Child abuse cases are rising dramatically in Colorado courts, reports the Denver Post. “It’s off the charts. It’s unbelievable,” said Theresa Spahn, executive director of the state Office of the Child’s Representative. Spahn’s office, which assigns attorneys to represent children’s interests in court, found that guardian appointments for new child abuse cases jumped 54 percent in Jefferson and Boulder counties from the last half of 2002 to the last half of 2003. Child abuse cases grew by one-third overall in Denver-area courts, and many rural counties also had “a serious increase,” Spahn’s office said.
Spahn blamed the jump on economic problems, state budget cuts for mental health and other social programs, and the abuse of methamphetamine. “People have lost their jobs, they don’t have insurance and it’s much harder to get treatment for mental illness,” she said. “When families are in crisis and they can’t get services, they do things like abuse their children.” The rise in meth use puts “kids in the most unbelievable environments,” she said. “They’re living in horrible homes.”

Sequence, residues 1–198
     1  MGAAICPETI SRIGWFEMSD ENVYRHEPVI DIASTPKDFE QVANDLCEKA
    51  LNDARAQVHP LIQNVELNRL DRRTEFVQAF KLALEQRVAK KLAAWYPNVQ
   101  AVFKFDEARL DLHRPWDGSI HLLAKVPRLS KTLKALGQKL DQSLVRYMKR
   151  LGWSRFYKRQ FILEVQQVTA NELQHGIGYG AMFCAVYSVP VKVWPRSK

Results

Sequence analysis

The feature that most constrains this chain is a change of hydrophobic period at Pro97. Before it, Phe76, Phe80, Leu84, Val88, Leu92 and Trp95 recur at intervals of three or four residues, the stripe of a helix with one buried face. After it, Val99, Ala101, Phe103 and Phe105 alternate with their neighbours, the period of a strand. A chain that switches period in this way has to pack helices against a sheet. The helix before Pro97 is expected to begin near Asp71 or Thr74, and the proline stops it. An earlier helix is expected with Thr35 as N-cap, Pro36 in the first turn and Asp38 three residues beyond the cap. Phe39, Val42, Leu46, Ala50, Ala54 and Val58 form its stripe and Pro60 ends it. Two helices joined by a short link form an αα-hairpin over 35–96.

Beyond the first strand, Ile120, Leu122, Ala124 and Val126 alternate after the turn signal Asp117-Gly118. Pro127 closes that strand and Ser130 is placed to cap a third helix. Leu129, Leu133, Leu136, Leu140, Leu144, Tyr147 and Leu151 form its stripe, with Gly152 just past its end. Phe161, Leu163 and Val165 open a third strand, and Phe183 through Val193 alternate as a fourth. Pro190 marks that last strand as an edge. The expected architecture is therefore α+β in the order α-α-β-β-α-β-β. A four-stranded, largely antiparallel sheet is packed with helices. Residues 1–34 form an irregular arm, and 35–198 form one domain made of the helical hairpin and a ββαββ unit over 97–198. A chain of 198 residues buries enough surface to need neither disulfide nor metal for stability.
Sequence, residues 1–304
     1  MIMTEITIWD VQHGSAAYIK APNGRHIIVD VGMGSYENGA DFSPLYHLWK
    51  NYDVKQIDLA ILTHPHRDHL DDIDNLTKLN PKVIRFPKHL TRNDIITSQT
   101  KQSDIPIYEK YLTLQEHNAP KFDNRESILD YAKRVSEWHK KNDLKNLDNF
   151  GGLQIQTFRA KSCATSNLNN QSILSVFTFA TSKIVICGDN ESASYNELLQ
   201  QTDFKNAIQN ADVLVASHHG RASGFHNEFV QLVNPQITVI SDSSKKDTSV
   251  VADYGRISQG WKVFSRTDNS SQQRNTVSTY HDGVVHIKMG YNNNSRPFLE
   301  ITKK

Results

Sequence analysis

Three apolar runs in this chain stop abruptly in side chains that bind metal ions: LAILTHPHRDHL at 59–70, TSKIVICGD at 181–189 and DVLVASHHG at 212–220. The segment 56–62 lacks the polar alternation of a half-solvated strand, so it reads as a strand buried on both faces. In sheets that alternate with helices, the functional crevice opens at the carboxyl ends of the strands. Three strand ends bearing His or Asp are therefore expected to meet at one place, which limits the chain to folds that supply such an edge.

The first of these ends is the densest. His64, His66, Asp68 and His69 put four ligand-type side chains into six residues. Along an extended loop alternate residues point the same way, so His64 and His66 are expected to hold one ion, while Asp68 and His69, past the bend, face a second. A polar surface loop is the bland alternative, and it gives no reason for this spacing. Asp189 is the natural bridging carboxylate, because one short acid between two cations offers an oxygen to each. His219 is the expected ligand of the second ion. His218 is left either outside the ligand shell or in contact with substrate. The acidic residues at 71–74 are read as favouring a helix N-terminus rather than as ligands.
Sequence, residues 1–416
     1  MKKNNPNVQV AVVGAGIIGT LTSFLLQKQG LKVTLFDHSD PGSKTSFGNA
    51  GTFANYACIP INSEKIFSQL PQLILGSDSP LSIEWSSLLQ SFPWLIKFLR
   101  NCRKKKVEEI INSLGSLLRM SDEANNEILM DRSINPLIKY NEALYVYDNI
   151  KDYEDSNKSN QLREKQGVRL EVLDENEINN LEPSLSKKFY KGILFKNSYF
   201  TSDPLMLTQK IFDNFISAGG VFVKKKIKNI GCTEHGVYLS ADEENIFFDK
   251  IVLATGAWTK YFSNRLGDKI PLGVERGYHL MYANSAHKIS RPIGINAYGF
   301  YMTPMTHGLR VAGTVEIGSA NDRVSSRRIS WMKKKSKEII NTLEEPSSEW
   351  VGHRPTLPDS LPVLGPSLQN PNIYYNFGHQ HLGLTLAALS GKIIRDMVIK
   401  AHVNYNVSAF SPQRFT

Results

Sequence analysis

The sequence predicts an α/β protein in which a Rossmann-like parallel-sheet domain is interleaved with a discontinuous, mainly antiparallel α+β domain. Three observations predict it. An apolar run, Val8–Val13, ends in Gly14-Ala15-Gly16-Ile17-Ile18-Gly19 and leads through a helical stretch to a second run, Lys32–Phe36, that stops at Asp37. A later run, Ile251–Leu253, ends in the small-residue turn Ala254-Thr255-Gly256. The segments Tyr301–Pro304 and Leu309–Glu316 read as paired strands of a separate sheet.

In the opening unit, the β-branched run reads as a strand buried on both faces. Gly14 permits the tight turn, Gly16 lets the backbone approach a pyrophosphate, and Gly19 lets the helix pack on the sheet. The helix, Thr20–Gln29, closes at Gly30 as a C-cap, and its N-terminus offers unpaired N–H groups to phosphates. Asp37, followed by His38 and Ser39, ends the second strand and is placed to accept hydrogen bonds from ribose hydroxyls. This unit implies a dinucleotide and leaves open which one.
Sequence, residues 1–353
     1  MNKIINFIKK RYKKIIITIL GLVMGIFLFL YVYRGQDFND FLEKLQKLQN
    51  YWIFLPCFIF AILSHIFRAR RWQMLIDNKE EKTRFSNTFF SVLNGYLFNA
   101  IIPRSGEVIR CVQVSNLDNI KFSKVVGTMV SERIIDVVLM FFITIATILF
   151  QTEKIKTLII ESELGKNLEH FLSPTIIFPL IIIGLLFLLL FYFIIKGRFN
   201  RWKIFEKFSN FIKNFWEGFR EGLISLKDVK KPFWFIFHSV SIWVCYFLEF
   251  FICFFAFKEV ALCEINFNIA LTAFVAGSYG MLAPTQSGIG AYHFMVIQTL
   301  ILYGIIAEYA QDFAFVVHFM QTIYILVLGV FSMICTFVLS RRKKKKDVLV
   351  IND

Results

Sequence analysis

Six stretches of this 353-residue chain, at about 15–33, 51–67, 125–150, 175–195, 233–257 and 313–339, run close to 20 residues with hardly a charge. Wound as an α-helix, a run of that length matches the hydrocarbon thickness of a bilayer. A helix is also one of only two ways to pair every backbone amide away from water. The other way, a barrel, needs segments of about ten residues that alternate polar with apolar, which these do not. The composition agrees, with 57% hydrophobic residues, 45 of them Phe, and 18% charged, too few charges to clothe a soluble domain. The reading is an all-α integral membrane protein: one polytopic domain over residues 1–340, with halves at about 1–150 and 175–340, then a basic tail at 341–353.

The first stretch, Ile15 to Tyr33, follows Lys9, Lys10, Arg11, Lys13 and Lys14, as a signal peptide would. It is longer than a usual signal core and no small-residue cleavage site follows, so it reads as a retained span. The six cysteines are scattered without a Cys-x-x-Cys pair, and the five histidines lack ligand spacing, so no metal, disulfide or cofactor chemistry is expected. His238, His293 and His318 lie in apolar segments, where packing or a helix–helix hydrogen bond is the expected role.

A state legislator announced a new commission to explore why many children die despite calls to Colorado child protection agencies. Rep. Debbie Stafford of the House committee overseeing Colorado social services, said the panel would review how counties respond to child abuse complaints and whether legislation is needed to improve the system. Stafford created what she called an informal commission in response to a three-part series in The Denver Post this week on child abuse fatalities.
The Post reported that child protection agencies had been called for help before 41 percent of child abuse and neglect deaths in the last decade.